Words with four letters: دَحرَجَ – قَرطَبَ – وَسوَسَ – زَلزَلَ
Words with more than four letters: دَعلَبَك – حَضرَمَوت – بُزُرجَمِهرُ
Here you can see that the first group of words we hear a lot and the second group of word lesser and the third group even lesser to almost not.
The scholars when they studied the Arabic law (how the Arab speak), they were studying the words which were used more. This because usually what you make principles out of, is a frequent phenomenal.
- The first original letter should go on the first letter in the scale which is the ‘ ف’ , that is why we call any first original letter (The Faa)
- The second original letter should go on the second letter in the scale which is the ‘ ع’ , that is why we call any second original letter (The ‘Ayn)
- The third original letter should go on the third letter in the scale which is the ‘ ل’ , that is why we call any third original letter (The Laam)
- Give the same harakah given to the letter in the scale to the letter parallel to it.
Ustaadh gave us a group of root letters :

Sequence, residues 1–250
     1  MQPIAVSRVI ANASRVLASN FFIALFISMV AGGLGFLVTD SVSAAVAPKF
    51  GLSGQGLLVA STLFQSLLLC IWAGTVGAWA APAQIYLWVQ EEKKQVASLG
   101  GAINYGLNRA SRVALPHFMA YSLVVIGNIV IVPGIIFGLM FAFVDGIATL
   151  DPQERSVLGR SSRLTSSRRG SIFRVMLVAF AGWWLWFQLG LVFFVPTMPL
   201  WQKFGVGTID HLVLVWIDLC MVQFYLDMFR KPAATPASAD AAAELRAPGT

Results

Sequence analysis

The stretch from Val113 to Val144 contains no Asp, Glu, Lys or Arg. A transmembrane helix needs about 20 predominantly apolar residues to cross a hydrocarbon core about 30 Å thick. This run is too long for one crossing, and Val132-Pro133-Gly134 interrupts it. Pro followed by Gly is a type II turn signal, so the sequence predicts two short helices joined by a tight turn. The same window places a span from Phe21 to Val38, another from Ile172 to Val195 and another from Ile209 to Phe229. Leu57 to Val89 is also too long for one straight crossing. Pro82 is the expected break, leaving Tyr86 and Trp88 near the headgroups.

ض – ر – ب
ع – ب – د
ب – د – أ
س – ج – د
ض – ح – ك
س – م – ع
ش – ر – ب
ك – ب – ر
- If we want to make a past verb with these root letters we should match it to فَعَلَ or فَعِلَ or فَعُلَ
We take the first original letter and place it on the first space on the scale from right to left.
- The first original letter is ‘ ض’,so it goes on the first letter in the scale, which is the ‘ فَ ‘ , and give it the same harakah (a fathah) ضَ
- The second original letter is ‘ ر’ ,so it goes on the second letter in the scale, which is the ‘ عَ’, and give it the same harakah (a fathah) رَ
- The third original letter is ‘ ب’,so it goes on the third letter in the scale, which is the ‘ لَ’, and give it the same harakah (a fathah) بَ
This way we have formed the past verb from those root letters.
- ضرب implies ‘hitting’, so ضَرَبَ means: he hit
We have to do the same with the rest of the root words Ustaadh gave us, using the scale.
- With ع – ب – د and ب – د – أ and س – ج – د , we’re giving the ‘Ayn (second original letter) a Fathah.
- With ض – ح – ك and س – م – ع and ش – ر – ب , we are giving the ‘Ayn a Kasrah.
- With ك – ب – ر , we are giving the ‘Ayn a Dhammah.
~~~ END OF CLASS ~~~
الله تعالى أعلم والحمد لله والصلاة
والسلام على رسول الله
Notes transcribed by: Umm Sufyaan Al Maghribiyyah